Dead Tri-Met Literary Boyfriends

~Spoiler warning for Henry James’ The Ambassadors~

Very soon after I started Henry James’ The Ambassadors, it became my bus book. Bus books are the ones I really do want to finish, but they don’t make it out of my backpack when I’m home– there’s always some other book (or the internet) that grabs my attention first. They end up living in my backpack for commuting and lunch hours, and get read eventually, maybe with a non-bus rush at the end once momentum has built.

Many of my bus books are classics or Good Hard Books, like the ones by my Dead Literary Boyfriends, Nabokov and James. In the case of The Ambassadors, Henry James himself told the Duchess of Sutherland to read it five pages at a time, “but don’t break the thread…& then the full charm will come out.” Some kinda nerve to give your friends their reading instructions, huh? This book was his favorite and I think he really wanted it to be liked. Anyway, five pages at a time it makes for a great bus book.

It was my first “late James,” and sometimes I wondered if I was actually understanding what the characters were talking about. Sometimes I wondered if any of them ever did, said, or thought anything straightforward. (How Henry James would hate Twitter.) Sometimes I marveled that anyone reads this book, even though I myself was loving it. I laughed when I ran across this Amazon review by David K. Hill:

When the topic is obvious and simple, his characters question one another intensely trying to determine what it is they are talking about. When the topic is strange and hidden, amazingly they all understand each other perfectly and silently.

My favorite small thing is how every now and then, in all the thickets of clauses and commas, there’s a rush of adjectives spilling out like their subject has flashed too bright and quick to be slowed down and contained by grammar:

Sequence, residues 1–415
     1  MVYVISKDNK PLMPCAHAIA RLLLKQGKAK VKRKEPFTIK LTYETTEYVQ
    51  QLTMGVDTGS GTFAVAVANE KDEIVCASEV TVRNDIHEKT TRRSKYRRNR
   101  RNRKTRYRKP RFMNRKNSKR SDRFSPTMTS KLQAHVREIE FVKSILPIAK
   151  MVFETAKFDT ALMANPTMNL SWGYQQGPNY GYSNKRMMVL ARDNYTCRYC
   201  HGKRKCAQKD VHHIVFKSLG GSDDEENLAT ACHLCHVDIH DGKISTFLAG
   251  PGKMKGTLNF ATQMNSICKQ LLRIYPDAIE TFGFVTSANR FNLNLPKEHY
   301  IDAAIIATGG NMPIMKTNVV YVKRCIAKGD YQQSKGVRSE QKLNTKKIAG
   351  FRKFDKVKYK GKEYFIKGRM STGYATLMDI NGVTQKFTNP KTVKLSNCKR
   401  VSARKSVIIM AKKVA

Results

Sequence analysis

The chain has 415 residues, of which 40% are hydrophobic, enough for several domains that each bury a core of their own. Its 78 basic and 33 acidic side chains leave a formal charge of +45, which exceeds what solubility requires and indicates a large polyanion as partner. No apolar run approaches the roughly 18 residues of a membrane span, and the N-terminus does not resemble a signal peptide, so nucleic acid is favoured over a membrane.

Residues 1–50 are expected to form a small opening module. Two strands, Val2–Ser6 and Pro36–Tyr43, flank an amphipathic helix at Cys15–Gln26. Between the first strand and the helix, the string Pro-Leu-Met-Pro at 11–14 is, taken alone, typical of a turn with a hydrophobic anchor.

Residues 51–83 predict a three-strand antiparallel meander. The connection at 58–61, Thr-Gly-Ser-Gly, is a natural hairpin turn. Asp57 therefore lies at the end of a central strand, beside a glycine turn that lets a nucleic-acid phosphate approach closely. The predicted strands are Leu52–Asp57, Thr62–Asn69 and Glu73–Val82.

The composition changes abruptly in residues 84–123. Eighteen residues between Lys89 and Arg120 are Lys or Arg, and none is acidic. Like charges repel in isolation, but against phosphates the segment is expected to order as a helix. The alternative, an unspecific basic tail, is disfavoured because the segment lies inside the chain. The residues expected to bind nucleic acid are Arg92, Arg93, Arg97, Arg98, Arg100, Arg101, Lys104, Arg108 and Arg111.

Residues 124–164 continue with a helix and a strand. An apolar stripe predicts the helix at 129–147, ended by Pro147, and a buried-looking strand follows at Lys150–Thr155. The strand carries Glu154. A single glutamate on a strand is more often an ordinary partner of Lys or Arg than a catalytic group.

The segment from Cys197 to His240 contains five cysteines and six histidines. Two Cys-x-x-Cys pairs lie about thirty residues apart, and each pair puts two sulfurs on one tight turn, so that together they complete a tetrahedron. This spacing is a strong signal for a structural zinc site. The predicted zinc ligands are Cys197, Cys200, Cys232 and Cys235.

What was clearer still was that the handsome young man at her side was Chad Newsome, and what was clearest of all was that she was therefore Mademoiselle de Vionnet, that she was unmistakeably pretty–bright gentle shy happy wonderful–and that Chad now, with a consummate calculation of effect, was about to present her to his old friend’s vision.

Or this one:

It was of Chad she was after all renewedly afraid; the strange strength of her passion was the very strength of her fear; she clung to him, Lambert Strether, as to a source of safety she had tested, and, generous graceful truthful as she might try to be, exquisite as she was, she dreaded the term of his being within reach.

And Jeanne, married off to an aristocrat, goodbye, sank without a ripple like Isabel Archer. Damn. And what of Maria Gostrey? All I know is if I see someone online using the handle Maria Gostrey, I will think there’s likely an interesting person.

The reason I decided to read The Ambassadors now is because one of my alphabetical-reading books, Cynthia Ozick’s Foreign Bodies, is described as a “photographic negative” of James’ novel. Eh, a bit, particularly in the comparison of Europe and America, which for me is pretty much the least interesting aspect of James but one of the most talked about. I did Ozick’s book no favors by reading it right after The Ambassadors— the multiple points of view in Foreign Bodies mostly brought home to me how masterful James was in keeping to Lambert Strether’s perspective through that whole long knotty novel. There was some good writing in the Ozick, and some that didn’t move me. I copied down one culminating quote that for me held the photographic-negative effect:

She thought: How hard it is to change one’s life.